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Benjamim Chambule
Benjamim Chambule

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Why write unit tests

What do you tell to someone who keeps asking you "man why do I need to write code to make sure my code is running correctly if I can always debug my code while in the development time?"

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James McPherson

Unit testing is your insurance policy - that (a) what you've written does what you say it should do, and (b) that when you or somebody has to make a change, It Can Be Confirmed That You Haven't Broken Things.

How can you prove that it works if you haven't got a test for it?

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Benjamim Chambule

I totally agree with you. But I know a lot of people who would rather debug during development and/or if something is broken than writing a test. Specially when one is maintaining legacy code which was not built with unit tests in mind.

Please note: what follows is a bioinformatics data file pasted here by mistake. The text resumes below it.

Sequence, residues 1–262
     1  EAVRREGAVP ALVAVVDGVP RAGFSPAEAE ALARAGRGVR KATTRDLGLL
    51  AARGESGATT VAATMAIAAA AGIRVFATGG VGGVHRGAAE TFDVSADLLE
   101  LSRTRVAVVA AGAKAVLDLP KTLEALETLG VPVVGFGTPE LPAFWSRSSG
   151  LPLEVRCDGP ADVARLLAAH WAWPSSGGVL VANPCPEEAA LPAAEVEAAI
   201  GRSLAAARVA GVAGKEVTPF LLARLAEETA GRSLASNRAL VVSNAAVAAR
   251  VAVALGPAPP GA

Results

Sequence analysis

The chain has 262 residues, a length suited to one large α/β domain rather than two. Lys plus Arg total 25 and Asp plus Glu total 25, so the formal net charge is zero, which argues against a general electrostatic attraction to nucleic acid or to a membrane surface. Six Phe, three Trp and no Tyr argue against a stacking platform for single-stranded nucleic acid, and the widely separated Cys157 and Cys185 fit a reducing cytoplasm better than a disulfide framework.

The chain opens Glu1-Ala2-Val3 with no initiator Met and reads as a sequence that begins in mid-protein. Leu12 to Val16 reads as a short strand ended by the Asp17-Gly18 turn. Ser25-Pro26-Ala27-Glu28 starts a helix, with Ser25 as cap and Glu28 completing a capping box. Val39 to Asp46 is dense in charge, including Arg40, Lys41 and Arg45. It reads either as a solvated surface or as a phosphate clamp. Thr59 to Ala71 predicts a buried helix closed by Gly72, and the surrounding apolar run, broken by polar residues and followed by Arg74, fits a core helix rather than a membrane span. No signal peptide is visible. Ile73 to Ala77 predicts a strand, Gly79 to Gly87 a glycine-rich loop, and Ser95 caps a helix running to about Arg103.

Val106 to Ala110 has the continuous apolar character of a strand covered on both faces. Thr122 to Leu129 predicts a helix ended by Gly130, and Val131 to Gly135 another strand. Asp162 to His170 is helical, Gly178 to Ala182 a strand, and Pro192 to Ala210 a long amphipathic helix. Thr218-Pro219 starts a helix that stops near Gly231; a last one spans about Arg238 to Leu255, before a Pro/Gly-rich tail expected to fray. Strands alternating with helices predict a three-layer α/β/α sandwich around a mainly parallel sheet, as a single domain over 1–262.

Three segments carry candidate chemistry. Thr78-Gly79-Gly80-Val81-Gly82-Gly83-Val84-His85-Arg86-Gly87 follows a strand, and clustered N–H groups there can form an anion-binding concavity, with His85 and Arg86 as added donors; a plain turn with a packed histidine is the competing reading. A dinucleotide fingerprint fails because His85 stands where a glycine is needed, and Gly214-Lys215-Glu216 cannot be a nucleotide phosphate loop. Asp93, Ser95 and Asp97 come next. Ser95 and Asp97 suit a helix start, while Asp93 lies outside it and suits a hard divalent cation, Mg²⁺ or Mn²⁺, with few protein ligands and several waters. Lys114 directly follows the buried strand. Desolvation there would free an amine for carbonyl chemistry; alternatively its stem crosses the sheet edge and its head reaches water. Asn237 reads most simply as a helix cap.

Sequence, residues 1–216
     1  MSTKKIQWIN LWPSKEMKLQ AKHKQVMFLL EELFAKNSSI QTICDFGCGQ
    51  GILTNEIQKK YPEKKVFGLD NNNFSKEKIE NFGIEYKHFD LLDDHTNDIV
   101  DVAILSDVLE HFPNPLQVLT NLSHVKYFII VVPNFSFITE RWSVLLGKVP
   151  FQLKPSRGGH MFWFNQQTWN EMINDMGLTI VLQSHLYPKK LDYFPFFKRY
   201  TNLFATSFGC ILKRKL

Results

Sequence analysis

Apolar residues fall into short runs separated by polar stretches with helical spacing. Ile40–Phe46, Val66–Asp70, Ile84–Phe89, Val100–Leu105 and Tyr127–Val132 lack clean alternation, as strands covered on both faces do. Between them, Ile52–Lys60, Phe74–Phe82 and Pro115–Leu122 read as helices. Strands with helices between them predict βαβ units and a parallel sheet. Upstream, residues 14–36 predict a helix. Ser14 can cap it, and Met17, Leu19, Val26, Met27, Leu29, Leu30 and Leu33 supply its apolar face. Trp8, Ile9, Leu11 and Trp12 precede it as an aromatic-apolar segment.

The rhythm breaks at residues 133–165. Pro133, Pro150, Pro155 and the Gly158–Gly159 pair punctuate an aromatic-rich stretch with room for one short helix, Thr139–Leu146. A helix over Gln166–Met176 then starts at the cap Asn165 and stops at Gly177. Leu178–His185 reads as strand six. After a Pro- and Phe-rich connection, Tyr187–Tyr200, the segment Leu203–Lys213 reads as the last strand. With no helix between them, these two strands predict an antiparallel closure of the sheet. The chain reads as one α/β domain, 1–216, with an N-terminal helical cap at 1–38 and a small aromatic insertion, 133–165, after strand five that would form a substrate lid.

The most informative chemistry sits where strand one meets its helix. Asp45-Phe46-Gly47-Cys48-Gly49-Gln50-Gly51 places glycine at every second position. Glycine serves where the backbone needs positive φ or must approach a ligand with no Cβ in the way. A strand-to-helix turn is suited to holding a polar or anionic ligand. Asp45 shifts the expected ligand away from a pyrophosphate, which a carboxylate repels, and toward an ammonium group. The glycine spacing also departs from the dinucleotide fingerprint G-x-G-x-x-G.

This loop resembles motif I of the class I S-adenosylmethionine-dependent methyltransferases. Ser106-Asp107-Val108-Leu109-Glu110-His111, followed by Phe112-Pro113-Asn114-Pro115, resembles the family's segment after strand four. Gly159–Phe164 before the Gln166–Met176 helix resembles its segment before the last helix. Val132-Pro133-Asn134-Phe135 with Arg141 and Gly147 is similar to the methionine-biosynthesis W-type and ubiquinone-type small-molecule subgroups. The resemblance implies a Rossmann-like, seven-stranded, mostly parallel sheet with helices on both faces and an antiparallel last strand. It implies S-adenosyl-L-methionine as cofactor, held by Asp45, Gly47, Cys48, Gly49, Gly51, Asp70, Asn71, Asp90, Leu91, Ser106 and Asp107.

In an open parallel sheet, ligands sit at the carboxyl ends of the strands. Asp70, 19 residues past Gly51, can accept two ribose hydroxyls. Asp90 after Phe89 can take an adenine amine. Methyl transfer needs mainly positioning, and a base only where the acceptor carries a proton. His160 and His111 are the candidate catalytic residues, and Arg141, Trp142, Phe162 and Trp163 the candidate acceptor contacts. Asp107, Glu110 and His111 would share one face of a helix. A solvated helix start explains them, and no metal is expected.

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James McPherson

That's an opportunity to bring things (and people) in from the cold. It's a mindset shift, but one which makes us better programmers/developers/engineers. That in turn means that we've got a "layer 8" problem - and that's where our person-to-person abilities need to be brought to bare.

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Ben Lovy

Unit testing is automation. Why use your development time to debug something that can be handled automatically for you, much more quickly than you can do it yourself?

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Benjamim Chambule

Yeah! We gain a lot from writing tests, but there are people who can't see any advantage in that! For them it's just a waste of time! They would rather keep adding features than writing tests to make sure their features behave accordingly

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